Reef Life Survey: Linking volunteer divers, scientists and managers in marine research and conservation - WEBSITE

Researchers: Alexander, Timothy, Dr (Principal investigator) ,  Alexander, Timothy, Dr (Principal investigator) ,  Edgar, Graham (Principal investigator) ,  Edgar, Graham (Principal investigator) ,  Edgar, Graham (Principal investigator)
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Brief description Reef Life Survey is a program that trains and assists a network of skilled and committed recreational divers to cost-effectively assess the state of the inshore marine environment at the continental scale. The program uses standardised underwater visual census methods employed by SCUBA divers to survey fish and invertebrate species and to record macroalgal and coral cover using photo quadrats - this record refers to the website for this program. By standardising techniques and establishing a monitoring system on a nation-wide scale, the program addresses many of the current problems associated with managing the marine environment, including the paucity, patchiness and variable quality of data on the distribution of and trends to marine biodiversity. A central database is managed for the storage, analysis and dissemination of data collected nationally, with a publicly-accessible web-based portal. The website allows information collected on Australia's marine environment to be accessed in a meaningful form by policy-makers and the general public, including recreational groups, scientists and industry. It also has information and resources for particpating divers and those wishing to become involved. The dataset generated by recreational divers will provide a national framework for monitoring the state of the inshore environment and the identification of those threats and locations of greatest conservation concern. This record points to the online resource for Reef Life Survey:

Lineage Maintenance and Update Frequency: irregular

Lineage Statement: Fish and invertebrate survey methods Line transects 50 m in length are laid along a depth contour. Densities of fishes are recorded along duplicate 50 m x 5 m transects. For this, the diver swims at 2.5 m from the transect line, recording all fish 2.5 m to either side, replicating this for both sides of the transect line. Large invertebrates such as rock lobsters, abalone and sea urchins are recorded within duplicate 50 m x 1 m blocks along the transect. For this the diver searches a 1 m strip to one side of the transect line (brushing away algae, searching crevices etc) recording invertebrates > 2.5 cm, and also recording cryptic fish (that would have been missed in the fish swim) (see the methods manual on the website GPS location, date, time, depth and visibility are also recorded.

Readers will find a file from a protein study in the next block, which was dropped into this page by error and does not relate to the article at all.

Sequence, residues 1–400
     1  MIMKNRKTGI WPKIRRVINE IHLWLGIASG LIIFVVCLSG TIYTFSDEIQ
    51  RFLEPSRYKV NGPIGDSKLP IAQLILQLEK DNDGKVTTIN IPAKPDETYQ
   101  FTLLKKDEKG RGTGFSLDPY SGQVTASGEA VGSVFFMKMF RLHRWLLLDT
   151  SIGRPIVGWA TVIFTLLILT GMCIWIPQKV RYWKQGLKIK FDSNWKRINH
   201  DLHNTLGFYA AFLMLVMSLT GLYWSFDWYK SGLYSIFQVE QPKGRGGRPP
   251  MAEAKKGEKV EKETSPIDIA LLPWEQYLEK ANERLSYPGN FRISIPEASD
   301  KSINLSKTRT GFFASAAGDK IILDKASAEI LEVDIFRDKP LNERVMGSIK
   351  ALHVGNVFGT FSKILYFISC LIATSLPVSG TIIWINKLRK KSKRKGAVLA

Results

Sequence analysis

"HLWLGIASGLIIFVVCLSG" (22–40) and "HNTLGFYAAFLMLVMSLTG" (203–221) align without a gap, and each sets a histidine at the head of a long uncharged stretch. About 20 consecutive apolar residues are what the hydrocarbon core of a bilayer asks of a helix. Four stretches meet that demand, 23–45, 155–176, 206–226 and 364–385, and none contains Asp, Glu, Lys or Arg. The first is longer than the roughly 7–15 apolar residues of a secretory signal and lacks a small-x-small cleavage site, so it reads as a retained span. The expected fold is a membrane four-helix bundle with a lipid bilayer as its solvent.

Lineage Statement: Substrate cover surveys: photo quadrats Line transects 50 m in length are laid along a depth contour. Information on the percentage cover of sessile animals and seaweeds along the transect lines are monitored using photo-quadrats taken sequentially each 5 m (or 2.5 m for cameras without a wide-angle lens) along the 50 m transect. Digital photo-quadrats are taken vertically-downward from a height sufficient to encompass an area of at least 0.5 m x 0.5 m. The scale of each photo-quadrat is evident from centimeter markings along the transect line, so it is not necessary to place a physical quadrat when photos are taken. GPS location, date, time, depth and visibility will also be recorded.

Notes Credit
Commonwealth Environment Research Facilities (CERF) Program, an Australian Government initiative supporting world class, public good research - Department of the Environment, Water, Heritage and the Arts

Notes Credit
Tasmanian Aquaculture and Fisheries Institute, University of Tasmania

Notes Credit
People and Parks Foundation

Notes Purpose
The program addresses three major problems associated with managing the marine environment: 1. Marine ecosystems are out of sight, hence we have little idea of their current state and the scale of human impacts on that state. 2. In the absence of detailed information on the state of the marine environment and intensity and scale of threats, management will act inefficiently, likely directing resources to address particular threats perceived to be important but of much less magnitude than other unrecognised threats. 3. Collecting scientifically-rigorous information on the state of the marine environment is expensive, hence scientific studies to date have been narrowly confined in time and space.

Data time period: 2007-12-01

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Other Information
(Reef Life Survey website)

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Permission must be sought to use photographs on this website. All information (including graphics) provided by the University and its staff on this site are, unless otherwise noted, copyright by the University of Tasmania, Australia. The copyright in material found on this server may be owned by other people (including volunteers who have contributed to this program), and permission should be obtained from them before distributing their material.

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The data described in this record are the intellectual property of the University of Tasmania through the Tasmanian Aquaculture and Fisheries Institute.

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